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Report clears Army brass evaluating battlefield data processor
Question of the Day
An in-house Army investigation into why its own independent test report on a battlefield intelligence system was ordered to be destroyed and a new one written has cleared officials of any wrongdoing.
The investigation by Lt. Gen. William Grisoli, who directs the Army Office of Business Transformation, focused on the unusual decision last spring to destroy a final test report on Palantir, a non-Army computer processor growing in popularity among troops in Afghanistan in finding roadside bombs.
“I find that there was no intent on the part of any member of the Army G-2 [intelligence directorate] to deceive any Army decision maker regarding the effectiveness of the Palantir commercial system,” Gen. Grisoli wrote.
“The Army’s report provides no reassurances whatsoever, and the conclusion that’s reached doesn’t square with the information in the report,” said Mr. Hunter, a Marine combat veteran in Iraq and Afghanistan. “There’s a lot of appeasement and undue influence that led to changes in [a] report that’s supposed to provide objective information on the quality and effectiveness of a combat technology.”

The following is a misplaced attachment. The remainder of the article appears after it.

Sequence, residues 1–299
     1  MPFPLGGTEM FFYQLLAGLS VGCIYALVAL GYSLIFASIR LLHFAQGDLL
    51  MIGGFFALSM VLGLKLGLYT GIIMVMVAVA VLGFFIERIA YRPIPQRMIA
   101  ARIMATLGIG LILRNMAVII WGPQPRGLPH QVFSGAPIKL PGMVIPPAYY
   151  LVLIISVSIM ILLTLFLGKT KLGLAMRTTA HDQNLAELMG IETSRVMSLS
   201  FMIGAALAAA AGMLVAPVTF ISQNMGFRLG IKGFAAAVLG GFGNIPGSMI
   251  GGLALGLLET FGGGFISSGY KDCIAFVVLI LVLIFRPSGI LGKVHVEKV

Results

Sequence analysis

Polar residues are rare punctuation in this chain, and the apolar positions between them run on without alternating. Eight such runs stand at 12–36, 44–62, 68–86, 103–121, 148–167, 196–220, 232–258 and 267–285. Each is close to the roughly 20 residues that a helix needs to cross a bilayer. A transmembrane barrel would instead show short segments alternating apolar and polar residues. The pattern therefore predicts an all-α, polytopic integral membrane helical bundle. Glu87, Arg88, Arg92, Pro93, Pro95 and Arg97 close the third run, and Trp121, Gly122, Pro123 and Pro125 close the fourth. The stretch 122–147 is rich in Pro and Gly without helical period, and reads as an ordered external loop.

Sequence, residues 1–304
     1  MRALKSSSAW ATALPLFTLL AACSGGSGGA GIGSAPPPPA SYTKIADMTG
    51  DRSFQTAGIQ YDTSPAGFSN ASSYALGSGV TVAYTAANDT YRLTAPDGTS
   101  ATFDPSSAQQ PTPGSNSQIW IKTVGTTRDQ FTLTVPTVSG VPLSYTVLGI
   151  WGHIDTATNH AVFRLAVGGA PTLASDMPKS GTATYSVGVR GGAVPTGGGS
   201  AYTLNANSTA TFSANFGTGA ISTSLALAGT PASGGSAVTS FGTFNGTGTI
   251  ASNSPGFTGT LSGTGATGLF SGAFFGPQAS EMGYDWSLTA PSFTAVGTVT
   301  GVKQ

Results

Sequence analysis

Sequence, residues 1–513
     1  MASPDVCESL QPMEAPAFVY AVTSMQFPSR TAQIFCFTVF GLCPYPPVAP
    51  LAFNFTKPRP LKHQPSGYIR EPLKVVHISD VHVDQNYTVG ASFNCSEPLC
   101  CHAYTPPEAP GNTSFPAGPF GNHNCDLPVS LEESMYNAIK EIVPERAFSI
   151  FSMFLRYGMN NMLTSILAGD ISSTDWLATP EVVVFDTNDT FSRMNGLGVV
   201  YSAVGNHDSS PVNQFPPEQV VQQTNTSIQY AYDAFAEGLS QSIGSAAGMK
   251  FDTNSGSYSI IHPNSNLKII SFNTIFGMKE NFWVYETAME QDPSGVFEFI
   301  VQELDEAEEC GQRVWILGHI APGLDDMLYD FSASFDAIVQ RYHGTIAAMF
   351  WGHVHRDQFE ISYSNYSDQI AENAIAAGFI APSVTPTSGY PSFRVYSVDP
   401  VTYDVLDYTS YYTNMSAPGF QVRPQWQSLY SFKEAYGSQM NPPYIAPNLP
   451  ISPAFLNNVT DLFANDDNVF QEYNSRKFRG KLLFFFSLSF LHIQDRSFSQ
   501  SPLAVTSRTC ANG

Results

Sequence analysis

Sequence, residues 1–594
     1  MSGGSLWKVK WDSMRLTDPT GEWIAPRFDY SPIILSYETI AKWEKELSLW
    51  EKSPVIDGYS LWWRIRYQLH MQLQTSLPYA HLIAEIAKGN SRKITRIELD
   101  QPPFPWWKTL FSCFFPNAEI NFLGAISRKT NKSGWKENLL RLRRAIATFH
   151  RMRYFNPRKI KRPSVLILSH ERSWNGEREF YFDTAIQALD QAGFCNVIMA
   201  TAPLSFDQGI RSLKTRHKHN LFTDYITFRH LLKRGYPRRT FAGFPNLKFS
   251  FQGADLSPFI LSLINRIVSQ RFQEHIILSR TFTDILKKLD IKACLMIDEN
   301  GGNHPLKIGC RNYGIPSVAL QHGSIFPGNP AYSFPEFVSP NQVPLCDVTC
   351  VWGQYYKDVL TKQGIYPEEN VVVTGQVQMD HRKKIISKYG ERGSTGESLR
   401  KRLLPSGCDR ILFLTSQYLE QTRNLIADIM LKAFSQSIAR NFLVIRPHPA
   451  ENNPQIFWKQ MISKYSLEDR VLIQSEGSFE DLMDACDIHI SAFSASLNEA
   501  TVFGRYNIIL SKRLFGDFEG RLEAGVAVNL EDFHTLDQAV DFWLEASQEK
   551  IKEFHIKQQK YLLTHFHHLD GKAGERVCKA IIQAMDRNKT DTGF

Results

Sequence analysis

Military intelligence officers have praised the service platform for its ability to help them located buried bombs.
The Army favors its own data processor, the common ground system, but internal memos from troops reveal persistent complaints about its poor performance.
Gen. Raymond Odierno, Army chief of staff, last winter ordered the ATEC review of Palantir after the commander of the 82nd Airborne Division asked permission to buy and use it in southern Afghanistan, a Taliban hotbed.
The Times first reported that the report was rescinded suddenly by ATEC and ordered to be destroyed. The new report deleted the server recommendation, as well as some of the praise about Palantir and how well it worked with other systems.
The 71-page Grisoli report, a copy of which was obtained by The Times, clears officials of any impropriety. One charge was that the Army’s intelligence directorate (G-2), which backs the common ground system, had interfered.
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